The power of Goldsmith’s approach lies in its simplicity. There are no fancy formulas for becoming a better boss, no therapeutic gimmicks, no arcane methods or patented techniques. There are no extended parables about moving cheese or melting icebergs.

In fact, when you peel away all the corporate language in which Goldsmith’s advice is necessarily steeped, a remarkable truth is revealed: What Got You Here Won’t Get You There is not actually a corporate book. It is an etiquette book. More centered on basic interpersonal behavior than refined managerial technique, Goldsmith’s

primary insight is that good manners is good management.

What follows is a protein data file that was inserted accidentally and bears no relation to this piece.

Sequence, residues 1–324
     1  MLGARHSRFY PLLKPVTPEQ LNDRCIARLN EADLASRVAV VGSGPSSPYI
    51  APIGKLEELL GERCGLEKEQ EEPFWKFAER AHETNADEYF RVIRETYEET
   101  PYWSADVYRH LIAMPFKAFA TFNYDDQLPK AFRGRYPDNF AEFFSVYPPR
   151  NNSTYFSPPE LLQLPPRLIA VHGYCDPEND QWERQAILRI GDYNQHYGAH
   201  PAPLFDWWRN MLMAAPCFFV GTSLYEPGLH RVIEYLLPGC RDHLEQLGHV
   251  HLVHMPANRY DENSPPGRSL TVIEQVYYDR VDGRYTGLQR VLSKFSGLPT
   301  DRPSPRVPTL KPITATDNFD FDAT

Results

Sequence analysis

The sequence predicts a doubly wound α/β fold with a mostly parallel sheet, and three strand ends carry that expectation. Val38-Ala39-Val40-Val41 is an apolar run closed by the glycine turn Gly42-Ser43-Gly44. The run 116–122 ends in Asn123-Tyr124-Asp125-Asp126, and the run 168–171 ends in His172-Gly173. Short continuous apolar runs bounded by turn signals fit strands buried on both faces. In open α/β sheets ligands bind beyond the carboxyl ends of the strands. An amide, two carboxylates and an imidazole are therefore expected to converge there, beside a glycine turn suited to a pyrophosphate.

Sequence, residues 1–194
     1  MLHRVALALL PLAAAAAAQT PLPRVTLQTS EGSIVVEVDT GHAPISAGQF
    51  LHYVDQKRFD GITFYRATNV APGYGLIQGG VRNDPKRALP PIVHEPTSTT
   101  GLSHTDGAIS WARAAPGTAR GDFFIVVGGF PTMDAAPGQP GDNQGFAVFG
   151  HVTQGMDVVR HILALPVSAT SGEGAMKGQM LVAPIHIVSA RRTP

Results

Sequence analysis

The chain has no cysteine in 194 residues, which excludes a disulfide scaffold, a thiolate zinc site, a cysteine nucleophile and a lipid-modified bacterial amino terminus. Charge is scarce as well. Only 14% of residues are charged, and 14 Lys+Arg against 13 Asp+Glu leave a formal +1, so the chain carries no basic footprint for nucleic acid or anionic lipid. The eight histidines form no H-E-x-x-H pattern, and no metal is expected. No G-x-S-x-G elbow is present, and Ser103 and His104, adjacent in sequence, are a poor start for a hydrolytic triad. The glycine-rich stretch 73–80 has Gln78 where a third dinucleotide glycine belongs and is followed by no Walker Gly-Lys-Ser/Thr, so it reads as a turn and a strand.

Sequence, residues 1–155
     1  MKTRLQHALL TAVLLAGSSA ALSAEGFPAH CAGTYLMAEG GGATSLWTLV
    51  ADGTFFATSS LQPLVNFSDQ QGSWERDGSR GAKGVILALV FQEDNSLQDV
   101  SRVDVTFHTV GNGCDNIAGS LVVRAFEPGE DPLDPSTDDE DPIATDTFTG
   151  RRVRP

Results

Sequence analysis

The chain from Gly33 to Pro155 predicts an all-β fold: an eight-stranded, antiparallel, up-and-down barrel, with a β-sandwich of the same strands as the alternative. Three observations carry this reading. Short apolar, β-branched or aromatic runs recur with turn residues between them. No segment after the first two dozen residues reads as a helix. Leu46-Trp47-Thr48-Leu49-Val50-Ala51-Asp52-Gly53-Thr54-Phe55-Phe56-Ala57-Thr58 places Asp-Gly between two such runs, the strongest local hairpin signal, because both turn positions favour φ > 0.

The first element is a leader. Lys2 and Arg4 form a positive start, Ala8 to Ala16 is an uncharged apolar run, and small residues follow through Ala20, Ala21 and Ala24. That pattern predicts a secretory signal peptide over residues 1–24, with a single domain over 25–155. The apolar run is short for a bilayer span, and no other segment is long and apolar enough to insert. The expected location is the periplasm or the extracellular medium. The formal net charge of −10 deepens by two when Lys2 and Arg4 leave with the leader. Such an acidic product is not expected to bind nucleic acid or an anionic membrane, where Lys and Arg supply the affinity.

A tacit companion piece to Stephen Covey’s Seven Habits of Highly Effective People, Goldsmith’s book is built around the bad habits that keep highly successful people from succeeding even more. Goldsmith notes that at a certain professional level, neither intelligence nor skill accounts for the fact that some people continue to advance while others plateau. What differentiates the one from the other, he observes, has nothing to do with one’s abilities, experience and training — and everything to do with behavior. Simply put, Goldsmith explains, successful people often limit themselves with behavioral tics that they don’t even know they have. Likewise, successful people tend to assume that the behaviors that got them this far will, in time, get them further still. They are delusional on this last count, failing to realize either that their success has come in spite of their behavioral flaws, or that their behavior is preventing them from realizing their potential, not only at work, but also in life.